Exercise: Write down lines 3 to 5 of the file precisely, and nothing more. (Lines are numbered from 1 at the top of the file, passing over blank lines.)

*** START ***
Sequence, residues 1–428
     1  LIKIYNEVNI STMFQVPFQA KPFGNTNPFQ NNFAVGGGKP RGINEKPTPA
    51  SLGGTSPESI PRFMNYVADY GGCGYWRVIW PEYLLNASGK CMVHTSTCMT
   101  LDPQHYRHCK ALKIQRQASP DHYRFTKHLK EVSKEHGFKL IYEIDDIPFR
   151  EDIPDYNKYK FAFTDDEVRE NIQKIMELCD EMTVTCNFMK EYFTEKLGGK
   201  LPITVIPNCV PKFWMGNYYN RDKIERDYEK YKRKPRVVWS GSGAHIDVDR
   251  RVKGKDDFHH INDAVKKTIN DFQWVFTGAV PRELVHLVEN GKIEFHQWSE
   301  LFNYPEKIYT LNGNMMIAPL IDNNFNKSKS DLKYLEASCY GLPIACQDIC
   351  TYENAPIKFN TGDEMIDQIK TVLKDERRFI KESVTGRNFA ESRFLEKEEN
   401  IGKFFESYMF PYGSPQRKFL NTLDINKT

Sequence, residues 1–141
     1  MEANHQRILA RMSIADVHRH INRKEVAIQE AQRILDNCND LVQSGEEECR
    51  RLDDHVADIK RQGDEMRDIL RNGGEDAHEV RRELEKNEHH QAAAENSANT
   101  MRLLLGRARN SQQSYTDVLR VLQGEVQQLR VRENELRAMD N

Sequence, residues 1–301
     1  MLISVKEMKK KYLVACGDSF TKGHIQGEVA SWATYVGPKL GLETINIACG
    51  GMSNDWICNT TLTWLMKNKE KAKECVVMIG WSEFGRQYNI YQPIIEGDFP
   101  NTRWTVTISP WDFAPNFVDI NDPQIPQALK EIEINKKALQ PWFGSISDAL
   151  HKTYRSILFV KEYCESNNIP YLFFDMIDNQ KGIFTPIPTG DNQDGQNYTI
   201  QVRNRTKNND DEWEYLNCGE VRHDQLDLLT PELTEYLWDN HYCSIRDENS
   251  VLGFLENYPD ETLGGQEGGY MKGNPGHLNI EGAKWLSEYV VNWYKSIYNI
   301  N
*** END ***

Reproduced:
    51  SLGGTSPESI PRFMNYVADY GGCGYWRVIW PEYLLNASGK CMVHTSTCMT
   101  LDPQHYRHCK ALKIQRQASP DHYRFTKHLK EVSKEHGFKL IYEIDDIPFR
   151  EDIPDYNKYK FAFTDDEVRE NIQKIMELCD EMTVTCNFMK EYFTEKLGGK